While laziness has certainly played a role in my not having updated my last post on the subject in over 6 months, another reason (or excuse if you will) is that, despite the ups and downs (mainly ups) of the market, the many scary dramas (Russian roulette with the debt ceiling culminating with the government shutdown, the Syrian crisis, etc...), the key personnel changes (Janet Yellen's taking over of the Fed being the most notable) and other news-related or corporate developments, things have not changed from a Technical Analysis viewpoint.
Which is to say, we are still in the Bull market that started in March 2009, and nothing that has transpired to this date would suggest otherwise. As I am not a Technical Analysis absolutist in that I do not believe TA is the ultimate predictive model, I strongly feel it is an excellent descriptive one. I am also obligated to add the disclaimer that what was true at the end of last month may be wrong at the end of the current one. In other words, markets evolve (sometimes much faster than others) and therefore, so do outlooks.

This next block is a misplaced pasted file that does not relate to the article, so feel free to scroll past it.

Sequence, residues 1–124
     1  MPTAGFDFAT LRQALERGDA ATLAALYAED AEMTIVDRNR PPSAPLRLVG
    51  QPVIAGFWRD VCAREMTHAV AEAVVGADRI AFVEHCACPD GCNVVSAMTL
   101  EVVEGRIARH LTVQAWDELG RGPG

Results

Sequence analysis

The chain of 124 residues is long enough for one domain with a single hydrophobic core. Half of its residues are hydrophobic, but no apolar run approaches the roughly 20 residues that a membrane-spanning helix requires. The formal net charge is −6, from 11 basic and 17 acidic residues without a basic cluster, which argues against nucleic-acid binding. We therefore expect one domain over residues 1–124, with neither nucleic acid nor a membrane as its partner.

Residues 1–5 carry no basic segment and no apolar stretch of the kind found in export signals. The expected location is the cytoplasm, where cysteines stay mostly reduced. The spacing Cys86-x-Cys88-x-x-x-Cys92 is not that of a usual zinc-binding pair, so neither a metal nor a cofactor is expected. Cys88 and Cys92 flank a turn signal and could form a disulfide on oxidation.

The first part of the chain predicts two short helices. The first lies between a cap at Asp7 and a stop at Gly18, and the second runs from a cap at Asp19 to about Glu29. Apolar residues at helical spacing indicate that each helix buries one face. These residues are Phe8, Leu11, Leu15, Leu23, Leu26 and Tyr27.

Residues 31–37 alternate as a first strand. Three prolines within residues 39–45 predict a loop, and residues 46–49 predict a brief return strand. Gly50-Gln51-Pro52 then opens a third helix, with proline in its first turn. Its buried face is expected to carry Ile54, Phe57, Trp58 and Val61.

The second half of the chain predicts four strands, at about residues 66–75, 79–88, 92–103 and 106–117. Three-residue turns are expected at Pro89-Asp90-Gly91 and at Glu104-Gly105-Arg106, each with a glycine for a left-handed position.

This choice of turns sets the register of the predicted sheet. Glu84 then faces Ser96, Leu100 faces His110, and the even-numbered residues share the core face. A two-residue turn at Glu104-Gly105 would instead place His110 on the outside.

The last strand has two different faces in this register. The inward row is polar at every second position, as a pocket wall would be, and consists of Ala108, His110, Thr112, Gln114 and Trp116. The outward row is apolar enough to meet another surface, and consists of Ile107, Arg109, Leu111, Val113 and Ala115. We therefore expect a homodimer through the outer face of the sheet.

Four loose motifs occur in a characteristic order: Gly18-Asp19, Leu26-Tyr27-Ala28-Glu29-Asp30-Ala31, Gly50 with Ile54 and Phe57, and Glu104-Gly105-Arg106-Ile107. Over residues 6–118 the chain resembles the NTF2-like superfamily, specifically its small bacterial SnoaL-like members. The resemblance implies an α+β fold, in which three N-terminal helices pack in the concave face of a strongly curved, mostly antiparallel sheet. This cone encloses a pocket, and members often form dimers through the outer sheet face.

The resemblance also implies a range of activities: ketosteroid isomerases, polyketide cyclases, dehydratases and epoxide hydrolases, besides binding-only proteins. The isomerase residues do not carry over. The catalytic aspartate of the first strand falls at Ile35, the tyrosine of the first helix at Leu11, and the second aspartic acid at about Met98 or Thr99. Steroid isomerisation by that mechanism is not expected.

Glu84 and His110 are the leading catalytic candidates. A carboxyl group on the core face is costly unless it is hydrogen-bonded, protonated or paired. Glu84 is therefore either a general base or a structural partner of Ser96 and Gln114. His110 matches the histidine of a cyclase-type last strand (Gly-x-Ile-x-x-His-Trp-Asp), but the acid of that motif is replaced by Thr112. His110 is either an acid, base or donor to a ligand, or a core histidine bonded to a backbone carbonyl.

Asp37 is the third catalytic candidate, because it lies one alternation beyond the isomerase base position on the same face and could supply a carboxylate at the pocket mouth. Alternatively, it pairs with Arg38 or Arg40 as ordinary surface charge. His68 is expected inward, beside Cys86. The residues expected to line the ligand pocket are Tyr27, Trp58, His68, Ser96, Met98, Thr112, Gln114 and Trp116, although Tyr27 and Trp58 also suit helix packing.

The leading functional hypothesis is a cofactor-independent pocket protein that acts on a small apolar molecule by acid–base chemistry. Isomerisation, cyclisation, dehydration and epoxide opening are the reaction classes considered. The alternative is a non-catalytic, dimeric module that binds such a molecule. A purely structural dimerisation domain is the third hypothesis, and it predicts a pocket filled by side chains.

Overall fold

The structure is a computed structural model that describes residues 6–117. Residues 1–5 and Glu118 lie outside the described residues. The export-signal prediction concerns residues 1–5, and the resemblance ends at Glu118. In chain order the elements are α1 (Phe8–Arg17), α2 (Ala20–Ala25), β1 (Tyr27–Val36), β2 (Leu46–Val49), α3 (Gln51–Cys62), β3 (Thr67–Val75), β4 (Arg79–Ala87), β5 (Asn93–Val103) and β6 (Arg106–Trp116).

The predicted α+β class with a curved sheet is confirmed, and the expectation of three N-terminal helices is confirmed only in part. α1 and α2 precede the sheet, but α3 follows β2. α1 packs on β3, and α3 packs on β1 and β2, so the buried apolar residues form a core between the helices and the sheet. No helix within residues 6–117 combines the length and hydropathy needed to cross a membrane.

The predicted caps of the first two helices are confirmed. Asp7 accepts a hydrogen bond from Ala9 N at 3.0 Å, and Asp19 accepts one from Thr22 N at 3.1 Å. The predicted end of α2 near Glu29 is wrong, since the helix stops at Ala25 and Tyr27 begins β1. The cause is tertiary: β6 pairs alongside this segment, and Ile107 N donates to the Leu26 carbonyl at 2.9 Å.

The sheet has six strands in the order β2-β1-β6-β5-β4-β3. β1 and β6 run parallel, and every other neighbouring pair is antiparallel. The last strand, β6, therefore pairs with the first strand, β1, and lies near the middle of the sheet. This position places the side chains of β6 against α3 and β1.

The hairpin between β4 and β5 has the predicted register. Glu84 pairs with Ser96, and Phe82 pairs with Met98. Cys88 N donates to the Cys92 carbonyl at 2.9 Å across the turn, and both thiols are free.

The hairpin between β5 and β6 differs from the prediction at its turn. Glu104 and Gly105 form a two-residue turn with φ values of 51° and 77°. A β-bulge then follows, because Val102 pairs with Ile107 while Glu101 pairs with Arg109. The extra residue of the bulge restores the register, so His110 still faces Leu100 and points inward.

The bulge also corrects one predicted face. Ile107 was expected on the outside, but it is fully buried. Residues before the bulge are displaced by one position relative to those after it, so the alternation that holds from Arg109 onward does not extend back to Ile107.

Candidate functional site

To make my point and for the sake of continuity, I will use, once again, the 20-year monthly chart of the Dow Jones Industrial Average with only one technical indicator (Bollinger Bands with the default 20-period/2-standard-deviation setting). The chart (which is basically a moving 20-year window) will this time be covering the 02/28/1994 to 02/28/2014 period (click chart to enlarge):
To Be Continued...